Today, every big city has a poke joint or three. Eating poke is a way of life for people in Hawaii, long before the U.S. Mainland got in the raw-fish frenzy. In Hawaiian, “poke” means “to slice, cut crosswise into pieces,” the essence of this fresh, bite-size staple. Asian influences in Hawaii led to the invention of the poke bowl — poke served over white rice. Traditional poke is simple: It’s freshly caught and cubed fish, mixed with sea salt, ground kukui nut, salty limu or ogo, which is Hawaii seaweed, crunchy sweet onions, and chili pepper water.
“Poke is everywhere here,” says Stephan Bel-Robert, the owner of Pacific’O restaurant on Maui. “From luaus to every restaurant and grocery store to even liquor stores!”
The ingredients used to make this elemental dish are often found only in the islands — like the limu or kukui nut — and prepared by skillful people trained to make it authentic.
“While we love that people across the country are discovering a favorite dish of ours, we are concerned about the impact of poke’s rise in Mainland popularity,” says Anna Brown, the assistant dining room manager at Hilo Bay Cafe on Hawaii Island. “At Hilo Bay Cafe, we are fortunate enough to be able to serve ahi caught in our waters by fishermen we know…. We’d love to see Mainland restaurants try poke using fish that are locally available to them and seeking more sustainable ways to source their fish. Additionally, some tasty and highly-sustainable alternative options can be made using veggies.”
While the poke trend continues its wave of popularity across the Mainland, the best place to eat it will always be straight from the source in Hawaii. Here are four top Hawaii restaurants for authentic poke – locally caught, of course.
Moku Kitchen, Honolulu, Oahu
In Hawaiian, “moku” means district or island, so you know the food at Moku Kitchen in Honolulu is locally sourced. The eatery is helmed by Hawaii Regional Chef Peter Merriman, who owns restaurants on Hawaii Island, Maui, and Kauai and is known for fostering relationships with the Islands’ farmers, ranchers, and fishers and cultivating regional menus. And for a traditional Hawaiian staple like poke, it’s no exception. Moku Kitchen offers two varieties of the classic on its lunch and dinner menus. There’s the Ginger, Ahi, Shoyu Poke, made with Maui onion and served on local taro chips. For a modern twist on the classic, order the Hapa Poke. It comes with perfectly cut local ahi and ono (wahoo fish) mixed with kukui nut, sesame, shoyu, and jalapeño pepper for a kick. Make a reservation at M0ku Kitchen.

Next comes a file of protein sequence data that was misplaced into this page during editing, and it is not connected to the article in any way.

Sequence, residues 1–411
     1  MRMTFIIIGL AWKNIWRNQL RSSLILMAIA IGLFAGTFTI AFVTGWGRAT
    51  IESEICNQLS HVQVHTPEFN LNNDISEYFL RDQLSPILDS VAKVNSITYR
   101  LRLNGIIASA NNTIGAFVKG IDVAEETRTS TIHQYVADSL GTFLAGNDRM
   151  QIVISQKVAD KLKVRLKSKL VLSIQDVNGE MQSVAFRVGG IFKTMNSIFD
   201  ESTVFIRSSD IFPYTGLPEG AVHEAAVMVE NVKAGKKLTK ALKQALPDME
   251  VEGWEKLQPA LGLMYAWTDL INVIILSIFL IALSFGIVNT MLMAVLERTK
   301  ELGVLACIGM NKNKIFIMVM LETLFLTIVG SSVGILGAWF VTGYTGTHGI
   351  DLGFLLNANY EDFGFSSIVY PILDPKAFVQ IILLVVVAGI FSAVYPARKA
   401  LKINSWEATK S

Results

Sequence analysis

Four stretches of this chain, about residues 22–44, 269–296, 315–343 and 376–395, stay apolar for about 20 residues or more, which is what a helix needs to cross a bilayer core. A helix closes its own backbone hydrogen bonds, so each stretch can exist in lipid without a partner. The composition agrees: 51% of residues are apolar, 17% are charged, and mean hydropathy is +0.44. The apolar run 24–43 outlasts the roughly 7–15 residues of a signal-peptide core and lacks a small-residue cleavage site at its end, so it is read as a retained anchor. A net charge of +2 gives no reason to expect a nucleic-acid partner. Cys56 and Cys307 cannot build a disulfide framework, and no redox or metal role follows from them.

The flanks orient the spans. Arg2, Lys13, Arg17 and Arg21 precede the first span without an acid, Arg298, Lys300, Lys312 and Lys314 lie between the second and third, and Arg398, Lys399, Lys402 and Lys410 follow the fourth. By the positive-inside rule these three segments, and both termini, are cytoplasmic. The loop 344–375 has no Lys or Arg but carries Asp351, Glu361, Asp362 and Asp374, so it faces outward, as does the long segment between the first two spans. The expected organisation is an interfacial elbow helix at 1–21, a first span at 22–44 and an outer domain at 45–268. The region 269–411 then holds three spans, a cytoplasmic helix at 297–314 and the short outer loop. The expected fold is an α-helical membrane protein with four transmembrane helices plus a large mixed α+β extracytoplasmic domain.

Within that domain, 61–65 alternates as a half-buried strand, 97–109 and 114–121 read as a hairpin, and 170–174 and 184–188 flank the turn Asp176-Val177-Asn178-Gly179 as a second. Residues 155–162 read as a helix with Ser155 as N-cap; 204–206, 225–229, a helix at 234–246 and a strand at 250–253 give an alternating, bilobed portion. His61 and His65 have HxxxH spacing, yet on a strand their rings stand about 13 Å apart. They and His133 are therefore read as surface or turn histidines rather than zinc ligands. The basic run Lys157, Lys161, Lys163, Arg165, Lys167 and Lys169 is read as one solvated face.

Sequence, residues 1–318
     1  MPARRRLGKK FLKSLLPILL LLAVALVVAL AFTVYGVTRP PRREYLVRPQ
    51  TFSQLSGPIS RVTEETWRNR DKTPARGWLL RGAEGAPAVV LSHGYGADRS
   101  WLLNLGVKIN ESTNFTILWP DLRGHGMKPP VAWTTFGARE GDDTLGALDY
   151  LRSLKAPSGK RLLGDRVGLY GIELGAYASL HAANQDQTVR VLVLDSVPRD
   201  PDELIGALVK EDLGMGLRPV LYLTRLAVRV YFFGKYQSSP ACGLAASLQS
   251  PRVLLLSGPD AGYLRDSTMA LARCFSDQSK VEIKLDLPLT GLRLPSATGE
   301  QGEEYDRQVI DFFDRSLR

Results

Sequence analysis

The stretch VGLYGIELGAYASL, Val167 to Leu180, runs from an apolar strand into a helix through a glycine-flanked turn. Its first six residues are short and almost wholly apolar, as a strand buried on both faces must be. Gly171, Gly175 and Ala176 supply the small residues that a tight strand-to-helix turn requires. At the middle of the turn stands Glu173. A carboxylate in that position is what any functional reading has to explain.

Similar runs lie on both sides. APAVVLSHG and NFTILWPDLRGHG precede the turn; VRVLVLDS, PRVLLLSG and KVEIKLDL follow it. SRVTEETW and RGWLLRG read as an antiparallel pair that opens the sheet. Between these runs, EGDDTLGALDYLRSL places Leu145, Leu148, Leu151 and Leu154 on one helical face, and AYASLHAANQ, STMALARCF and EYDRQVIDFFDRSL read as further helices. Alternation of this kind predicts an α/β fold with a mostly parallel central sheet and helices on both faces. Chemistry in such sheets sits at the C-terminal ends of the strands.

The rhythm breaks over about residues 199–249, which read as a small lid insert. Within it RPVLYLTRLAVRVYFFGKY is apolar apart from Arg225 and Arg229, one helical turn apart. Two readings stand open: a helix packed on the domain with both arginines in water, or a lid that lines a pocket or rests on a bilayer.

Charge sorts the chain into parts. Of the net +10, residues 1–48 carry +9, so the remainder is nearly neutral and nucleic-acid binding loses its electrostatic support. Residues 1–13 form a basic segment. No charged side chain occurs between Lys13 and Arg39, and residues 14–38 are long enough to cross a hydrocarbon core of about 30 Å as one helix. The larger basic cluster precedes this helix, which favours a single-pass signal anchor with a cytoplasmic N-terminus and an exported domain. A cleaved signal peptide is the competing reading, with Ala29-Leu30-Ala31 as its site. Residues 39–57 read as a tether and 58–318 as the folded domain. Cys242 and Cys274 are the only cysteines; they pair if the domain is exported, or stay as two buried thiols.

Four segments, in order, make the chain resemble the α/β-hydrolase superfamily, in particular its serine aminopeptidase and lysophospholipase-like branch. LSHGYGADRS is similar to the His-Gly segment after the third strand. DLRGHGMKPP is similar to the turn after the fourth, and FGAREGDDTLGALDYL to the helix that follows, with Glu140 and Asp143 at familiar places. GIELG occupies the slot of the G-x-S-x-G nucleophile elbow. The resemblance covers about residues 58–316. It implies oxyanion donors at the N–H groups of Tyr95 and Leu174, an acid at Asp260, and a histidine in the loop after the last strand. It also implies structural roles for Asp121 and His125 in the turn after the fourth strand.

Pacific’O, Lahaina, Maui
Pacific’O is a Hawaiian Regional Cuisine restaurant so it stands to reason this Lahaina, Maui, beachfront establishment has poke on its dinner menu. The Local Style Poke features locally-caught ahi tossed with ogo seaweed, inamona (toasted and ground kukui nuts), and charred onion. The poke is served with Molokai sweet potato chips. Pacific’O is owned by Stephan Bel-Robert, who also owns O’o Farm in upcountry Maui. This results in a farm-to-table dining experience, paired with fish from the nearby Lahaina Harbor. Make a reservation at Pacific’O.
Hilo Bay Café, Hilo, Hawaii Island
The Hawaiian Ahi Poke has been on the menu at Hilo Bay Cafe since the restaurant opened in 2003. The restaurant gets its fish from Hawaii Island fisherman — not only for the poke, but also the Kona lobster, snapper, wahoo, and more on its menus. The Hawaiian Ahi Poke is made with fresh tuna, white onions from Oahu, shoyu, and Hawaiian chili pepper oil. It’s served with a side of Hilo Bay Cafe’s housemade Okinawan purple sweet potato chips. Want a stellar sunset with your dinner? Book a table at Hilo Bay Cafe in the evening and ask for a table by the water. Make a reservation at Hilo Bay Café.
HoloHolo Grill, Koloa, Kauai
Celebrity chef and Hawaiian Sam Choy created the menu at HoloHolo Grill in the Koloa Landing Resort in south Kauai, so you know the poke here is good. In fact, Choy has garnered the nickname “The Godfather of Poke.” (His popular cookbooks and appearances on food TV shows have helped shine the spotlight on the Hawaii dish.) You can order two types of poke here — the Kamaaina and the Ke Kai. The Kamaaina, which means native-born in Hawaiian, is made with ahi, shoyu, ogo seaweed, and inamona (toasted and ground kukui nuts). Ke Kai is a tako poke made with octopus, sambal, cucumbers, and sesame oil. Can’t decide which one to get? Order the Duo Poke Tasting, which comes with both the ahi and tako varieties. The fish for both is sourced from Port Allen harbor, Kauai’s main fishing harbor. Make a reservation at HoloHolo Grill.
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Tiffany Hill is a freelance writer based in Honolulu, Hawaii, where she writes about travel, culture, and business. Read more about her here.
Photo credits: Anna Brown (Hilo Bay Cafe); James Kimo Garrett (Moku).